The .NET Framework provides a new platform for building applications that are easily
deployed and executed across multiple architectures and operating systems. This portability
is achievable only because of ongoing standardization through the ECMA and ISO
organizations. In this way, the framework offers independence to languages by supplying
an international standard called the Common Language Infrastructure (CLI).
The framework was designed to be installed on top of an operating system and
is divided into two main layers, as shown in Figure 1.1: a runtime environment called
the Common Language Runtime (CLR), similar to the Java Virtual Machine, and a large
library of classes called the Framework Class Library (FCL), which provides the required
services for modern applications.
Applications Development Tools for C#, J#, C++, VB, …
The bottom layer of the .NET Framework contains the CLR. The CLR provides the
runtime services to execute C# programs that have been translated into the CIL. The top
layer encapsulates all services in the FCL for user interface, control, security, data access,
Extensible Markup Language (XML), input/output, threading, and so on. User interface
(UI) services—both Window and Web Forms—support graphic interfaces and server-side
controls, respectively. ASP.NET provides control, security, sessioning, and configuration
for dynamic web pages. Data access by ADO.NET adds XML as an intermediate format for
data and supports connections to datasets using XML caches. The FCL also contains system
classes to manage I/O, execution threads, serialization, reflection, networking, collections,
diagnostics, debugging, and so on.
Applications and development tools are typically layered on top of the .NET Framework.
Visual Studio .NET, in particular, is a good example. It provides an integrated development
environment (IDE) that standardizes support for many programming languages,
including C#, J#, C++, and Visual Basic.
After the standardization of the C# and CLI specifications in December 2001,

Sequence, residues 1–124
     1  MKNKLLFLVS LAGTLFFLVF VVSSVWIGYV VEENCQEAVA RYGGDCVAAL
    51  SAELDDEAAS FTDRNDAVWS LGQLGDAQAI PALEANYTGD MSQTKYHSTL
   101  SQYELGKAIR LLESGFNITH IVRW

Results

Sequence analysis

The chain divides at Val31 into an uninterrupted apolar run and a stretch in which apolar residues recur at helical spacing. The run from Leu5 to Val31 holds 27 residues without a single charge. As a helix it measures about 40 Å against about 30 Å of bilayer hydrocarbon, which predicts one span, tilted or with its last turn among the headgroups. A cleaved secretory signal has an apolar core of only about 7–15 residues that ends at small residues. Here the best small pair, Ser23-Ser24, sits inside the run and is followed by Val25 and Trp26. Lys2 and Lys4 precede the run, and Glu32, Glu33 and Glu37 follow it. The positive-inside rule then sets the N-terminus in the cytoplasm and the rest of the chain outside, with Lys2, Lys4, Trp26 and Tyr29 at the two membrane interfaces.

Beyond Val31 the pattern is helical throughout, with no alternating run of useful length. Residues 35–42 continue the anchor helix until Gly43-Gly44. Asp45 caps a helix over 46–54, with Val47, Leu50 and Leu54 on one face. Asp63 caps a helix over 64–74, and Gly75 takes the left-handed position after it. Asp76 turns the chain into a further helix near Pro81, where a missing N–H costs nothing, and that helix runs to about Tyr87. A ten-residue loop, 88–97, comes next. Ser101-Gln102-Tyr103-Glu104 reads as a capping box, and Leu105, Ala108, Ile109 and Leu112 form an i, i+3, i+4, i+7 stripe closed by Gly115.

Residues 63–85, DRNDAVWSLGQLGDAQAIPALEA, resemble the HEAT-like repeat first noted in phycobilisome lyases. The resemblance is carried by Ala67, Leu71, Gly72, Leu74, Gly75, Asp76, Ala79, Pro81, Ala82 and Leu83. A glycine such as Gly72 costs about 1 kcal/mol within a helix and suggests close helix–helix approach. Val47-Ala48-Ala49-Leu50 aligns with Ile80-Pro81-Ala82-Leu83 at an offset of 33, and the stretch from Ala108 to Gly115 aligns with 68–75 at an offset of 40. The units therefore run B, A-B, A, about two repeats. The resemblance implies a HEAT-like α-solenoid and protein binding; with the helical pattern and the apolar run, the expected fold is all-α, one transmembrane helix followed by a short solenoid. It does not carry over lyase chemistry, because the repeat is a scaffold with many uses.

Microsoft released the CLR as both a commercial implementation of the CLI runtime
virtual machine and a subset of the FCL. Since then, C# has become the programming
language of choice for developing applications in the .NET Framework. CLR, FCL, and the
C# compiler are all released as part of the .NET Framework Software Development Kit
(SDK), which is freely available from Microsoft at http://msdn.microsoft.com. At the time
of this writing, there are other .NET implementations in progress, such as the open-source
Mono and DotGNU projects. All these implementations include a C# compiler that extends
language availability to platforms other than Windows.
The C# code executed on this framework follows object-oriented development practices
defined by the Common Language Specification (CLS). The CLS defines a collaboration
standard between languages and object development practices. Obviously, some older
traditional programming languages, such as COBOL and Fortran, cannot exploit the full
characteristics offered by the CLS. The Common Type System (CTS) of the .NET Framework
represents a standardized set of basic data types that permit language interoperability.
In other words, the CTS defines the rules implemented in the CLR. The CLS supports
a (common) subset of the CTS in order to allow cross-language integration. Therefore,
a CLS-compliant component can be used by applications written in other languages.